It is quite fortuitous that Lady GaGa has named her debut album The Fame because, one must assume, she is set to hit it in a big way. Based on the success of lead single "Just Dance" Lady GaGa has seemingly stumbled upon the success that has eluded so many others that came before you. That she is American is an even stranger feat, considering the way America has been positively allergic to anything one may describe as "electronic" or "pop" in the last five years, having - more or less - ignored the resurgence in the genre in return for identikit "urban" music from artists with zero personality and worthless songs.
I am, however, not saying that The Fame is a great album. It's good, but not great. Yet it is so well produced and put together that success seems a mere formality for the New York native. I would strongly recommend those in the GaGa camp reconsider "Beautiful Dirty Rich" as their second single choice as it would probably turn off just as many people as "Just Dance" turned on. It's hardly radio friendly either in the way that far superior tracks like "Paparazzi" or the album's title track are.
It's hard to get a full grip on what Lady GaGa really is. She's clearly not the same sort of frustrating indie pop artist that have become ubiquitous as of late, but she doesn't entirely succumb to mainstream pop the way performers likes Kylie, Sneaky Sound System and Madonna do. She straddles that awkward line between appealing to the masses and the people who sneer at the masses. Coming off as a bit like Róisín Murphy with more success, but fewer quality songs.
Great songs, she has a couple. The previously mentioned "Paparazzi" is sleek and filled with brooding synths, while "Boys Boys Boys" recalls 1980s singer Sabrina in more ways than one. It is subsequently the album's best moment. It's just made for a swag of remixes, too. "Just Dance" is still addictive after all this time - that chorus really is a killer - while "The Fame" and "Money Honey" are truly addictive fair with sass to spare and "I Like It Rough" sounds exactly like what Holly Valance was doing several years ago to a collective yawn by the record buying public, despite being amazing. Compare this and, for example, Valance's "Curious" and I think people would be quite surprised.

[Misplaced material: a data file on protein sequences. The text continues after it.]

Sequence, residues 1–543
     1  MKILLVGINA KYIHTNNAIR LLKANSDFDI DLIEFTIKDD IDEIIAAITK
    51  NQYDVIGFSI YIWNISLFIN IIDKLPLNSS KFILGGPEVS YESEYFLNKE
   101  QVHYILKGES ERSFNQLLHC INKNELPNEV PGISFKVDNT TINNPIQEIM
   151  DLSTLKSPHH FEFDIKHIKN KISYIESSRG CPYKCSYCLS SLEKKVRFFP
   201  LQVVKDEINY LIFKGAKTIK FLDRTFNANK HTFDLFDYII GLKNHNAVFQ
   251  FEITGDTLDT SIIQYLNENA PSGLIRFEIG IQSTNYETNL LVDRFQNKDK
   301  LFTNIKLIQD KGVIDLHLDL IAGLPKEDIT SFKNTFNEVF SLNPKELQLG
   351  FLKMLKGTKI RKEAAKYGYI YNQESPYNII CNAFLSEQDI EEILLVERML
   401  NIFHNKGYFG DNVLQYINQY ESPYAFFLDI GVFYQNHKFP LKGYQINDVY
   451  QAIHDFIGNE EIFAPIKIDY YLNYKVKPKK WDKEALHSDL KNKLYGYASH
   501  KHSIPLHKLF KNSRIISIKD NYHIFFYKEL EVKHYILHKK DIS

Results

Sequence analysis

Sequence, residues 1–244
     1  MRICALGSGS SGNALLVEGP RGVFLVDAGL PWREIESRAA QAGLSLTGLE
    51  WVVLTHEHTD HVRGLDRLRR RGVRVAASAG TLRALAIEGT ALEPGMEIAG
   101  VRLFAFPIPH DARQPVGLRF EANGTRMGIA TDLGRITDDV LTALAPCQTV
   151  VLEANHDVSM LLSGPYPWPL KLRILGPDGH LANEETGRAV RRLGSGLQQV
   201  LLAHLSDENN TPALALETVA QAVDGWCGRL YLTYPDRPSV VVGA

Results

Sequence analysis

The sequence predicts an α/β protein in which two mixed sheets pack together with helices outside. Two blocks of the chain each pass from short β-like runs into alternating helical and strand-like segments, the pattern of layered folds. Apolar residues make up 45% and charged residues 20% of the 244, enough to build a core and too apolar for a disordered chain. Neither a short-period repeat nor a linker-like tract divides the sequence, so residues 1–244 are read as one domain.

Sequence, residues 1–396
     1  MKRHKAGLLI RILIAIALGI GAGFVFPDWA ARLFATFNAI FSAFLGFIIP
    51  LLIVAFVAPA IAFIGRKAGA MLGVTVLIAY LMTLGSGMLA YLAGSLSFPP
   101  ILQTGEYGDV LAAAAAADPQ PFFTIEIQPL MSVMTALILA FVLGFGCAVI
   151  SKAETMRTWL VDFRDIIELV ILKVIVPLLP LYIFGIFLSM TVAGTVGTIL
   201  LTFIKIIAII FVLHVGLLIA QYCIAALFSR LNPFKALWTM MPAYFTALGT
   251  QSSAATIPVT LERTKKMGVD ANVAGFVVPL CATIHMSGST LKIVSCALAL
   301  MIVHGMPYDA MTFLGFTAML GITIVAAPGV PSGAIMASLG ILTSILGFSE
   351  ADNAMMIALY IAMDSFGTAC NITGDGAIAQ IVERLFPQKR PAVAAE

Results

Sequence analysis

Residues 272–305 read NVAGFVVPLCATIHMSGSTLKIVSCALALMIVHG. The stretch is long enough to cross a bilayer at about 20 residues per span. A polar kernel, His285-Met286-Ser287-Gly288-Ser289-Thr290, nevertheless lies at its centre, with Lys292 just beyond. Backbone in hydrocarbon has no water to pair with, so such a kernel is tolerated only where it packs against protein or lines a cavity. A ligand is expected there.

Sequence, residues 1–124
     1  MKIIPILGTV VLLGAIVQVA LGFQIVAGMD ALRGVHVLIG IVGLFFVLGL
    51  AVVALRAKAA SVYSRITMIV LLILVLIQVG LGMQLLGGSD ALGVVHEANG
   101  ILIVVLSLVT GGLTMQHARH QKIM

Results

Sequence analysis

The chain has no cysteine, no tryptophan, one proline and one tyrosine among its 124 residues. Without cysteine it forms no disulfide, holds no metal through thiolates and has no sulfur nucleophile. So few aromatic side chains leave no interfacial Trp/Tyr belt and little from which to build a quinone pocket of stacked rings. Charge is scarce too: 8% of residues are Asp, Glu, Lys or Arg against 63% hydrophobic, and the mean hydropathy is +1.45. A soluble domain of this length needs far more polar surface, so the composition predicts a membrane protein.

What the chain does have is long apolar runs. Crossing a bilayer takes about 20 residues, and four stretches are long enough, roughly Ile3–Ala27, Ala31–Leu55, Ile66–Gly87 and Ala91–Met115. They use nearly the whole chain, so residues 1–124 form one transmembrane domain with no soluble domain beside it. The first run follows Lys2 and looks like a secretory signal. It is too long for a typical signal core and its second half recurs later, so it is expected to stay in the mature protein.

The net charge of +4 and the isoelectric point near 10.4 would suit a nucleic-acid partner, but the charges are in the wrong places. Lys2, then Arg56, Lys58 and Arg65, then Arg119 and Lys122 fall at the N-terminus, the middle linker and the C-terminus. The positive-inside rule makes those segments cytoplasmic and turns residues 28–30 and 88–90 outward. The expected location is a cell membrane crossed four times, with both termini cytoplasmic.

Unfortunately, there is just a bit of a hint of filler amongst many of the other tracks. "Love Game" has the distinct disadvantage of being placed between "Just Dance" and "Paparazzi" even though it's chorus lifts it's game. "Eh Eh (Nothing Else to Say)" is inconsequential, "Poker Face" is Timbaland-lite (although it's still better than most of what Timbaland himself is putting out there at the moment), "Again Again" doesn't fit at all onto The Fame with its piano pop, while "Brown Eyes" is a dull ballad and the less said about "Beautiful Dirty Rich" the better, I reckon.
As an opening statement to a career that is sure to blossom, The Fame is a great start. It achieves it's goals with - mostly - aplomb and as long as she chooses the right singles there's no reason why the record buying public won't embrace it with open arms like they did with similar hit-and-miss fare by Fergie and Gabriella Cilmi.